Object #1011857 from MS-Papers-0032-0197

6 pages written 13 Jun 1847 by John Cameron in Wanganui to Sir Donald McLean

From: Inward letters - John Cameron, Reference Number MS-Papers-0032-0197 (38 digitised items). 37 letters addressed from Wanganui, Marangai (Wanganui), Waitotara, and Waitoa, 1846-1875, undated

A transcription/translation of this document (by ATL) appears below.

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English (ATL)


13th June, 1847.

My dear MacLean,

Your letter of the 12th May Capt. Campbell only recd. today - where it has been all this time I cant say - it seems Mr.Cutfield only came as far as Wai Mati, and I suppose was afraid to come farther.

You will of course be aware of the sad times the unlucky Wanganui Settlers have of it now - between Maories and Soldiers it is hard to exist - both parties seem determined to fleece us of all we possess, for what the former leave, the later are sure to appropriate-to their own purposes, the Soldiers are most incorrigible thieves, there are 500 of them here now of the 58 and 65 Regts. there has been some slight skirmishing between them and the Natives but nothing decisive as yet none of the Soldiers have been touched, of the rebels there has been four killed for certain, and about thirty wounded, amongst the former is your friend "Maketu" a happy riddance you will say - Our House in Town together with five others in the same valey have been burned down by the Military, after being plundered the day before by about sixty or seventy rebels in broad daylight, without even an attempt being made by the 300 Soldiers then quartered in the place to protect the property they contained except what little could be done from behind the entrenchments and the romdons of Yankee's house which is now converted into a fortified barrack.

Our loss is comparatively small to what it might have been, for we took the precaution to remove the most valueable part of our property to a place of safety a few days before the attack - indeed all we had might have been saved but I never could get the old Captain to believe that the villains would prove so bold, or that the red coats would be such poltroons as to allow them if they did - this is a sore subject with the old man, he still stands up for the honor of the cloth - The villains have also taken to cattle lifting, they have either killed or driven up the River a great number of cattle - the extent of our loss in this respect I cant say, about ten days ago seven out of sixteen head that were on the Town side of the river were amissing, all of our best milkers, the heads of two of them I found when they had been shot by the scoundrels and the caraasses carried off I suppose to their encampment for provisions. All the cattle we have on the South side of the river were safe a week ago - I hope they may not now take it into their heads to pay them a visit, my house at the lakes is the only farm house left standing in the district, the Putiki Natives seem to be a great check on them going in that direction - they (the Putiki Natives) say that the Rebels wont medle with anything in that direction, at the same time they wont hear of our going to reside there until all is quiet again - I must say as far as I am a judge that the Putiki men have behaved remarkably well throughout the whole of this affair - For further particulars I refer you to Dr.Wilson's letters and journal signed P. in the "Wellington Independent" which is upon the whole a tolerably correct account of the whole affair from the beginning -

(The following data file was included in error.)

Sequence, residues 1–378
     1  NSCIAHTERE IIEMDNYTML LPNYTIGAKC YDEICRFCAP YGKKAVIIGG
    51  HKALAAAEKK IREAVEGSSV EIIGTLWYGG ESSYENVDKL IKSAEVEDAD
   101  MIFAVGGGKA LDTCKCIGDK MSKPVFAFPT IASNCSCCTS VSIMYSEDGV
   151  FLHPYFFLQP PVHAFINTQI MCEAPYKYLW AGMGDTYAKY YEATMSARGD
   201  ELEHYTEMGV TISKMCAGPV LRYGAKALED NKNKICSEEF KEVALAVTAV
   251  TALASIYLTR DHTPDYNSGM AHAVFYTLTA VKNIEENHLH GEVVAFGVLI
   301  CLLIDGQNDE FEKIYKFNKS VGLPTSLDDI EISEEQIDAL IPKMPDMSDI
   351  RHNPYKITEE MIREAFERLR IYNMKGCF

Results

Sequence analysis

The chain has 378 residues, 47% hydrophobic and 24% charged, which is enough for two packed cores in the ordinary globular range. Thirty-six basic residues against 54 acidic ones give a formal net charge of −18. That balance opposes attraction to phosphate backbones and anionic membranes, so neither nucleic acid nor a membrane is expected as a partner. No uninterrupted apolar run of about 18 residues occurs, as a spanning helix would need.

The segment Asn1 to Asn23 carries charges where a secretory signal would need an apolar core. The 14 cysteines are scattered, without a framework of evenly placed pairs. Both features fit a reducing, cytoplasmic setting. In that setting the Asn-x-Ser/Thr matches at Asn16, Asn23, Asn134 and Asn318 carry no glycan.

You mention in your letter that Donald MacCaskill Rhuendunam has joined his brother on the Thames, all I knew of this was seeing his name as a passenger in the "Louisa Campbell" to Auckland - havn't heard from Allan Talisken for two years now, in that time I have written him three letters, the last, about three months ago when the overland mail was established, I cant account for his silence - Have you heard for certain that this Mr.MacCaskill passenger by the Louisa Campbell is Donald Rhuendunam, if so, will you be kind enough to let me know in course of post I am rather inclined to think that it must be him, for I haven't recd. any letters from home by the Mail and I can only account for it by them being given to him to carry out -

I am glad to hear that you are geting on so well with the Land Question at Teranaki, I wish our prospects here were only half as good, I am afraid this district wont be safe for country settlers for many years to come. Several of our settlers are leaving, Old Bellis off to Nelson in a few days with all his family - When you write let me know your opinion on the subject of this district being safe for country settlers - Captn. and Mrs.Campbell desire to be kindly remembered to you and believe me to be

My Dear Sir, Ever Sincerely Yours,
Jno. Cameron.

Part of:
Inward letters - John Cameron, Reference Number MS-Papers-0032-0197 (38 digitised items)
Series 1 Inward letters (English), Reference Number Series 1 Inward letters (English) (14501 digitised items)
McLean Papers, Reference Number MS-Group-1551 (30238 digitised items)

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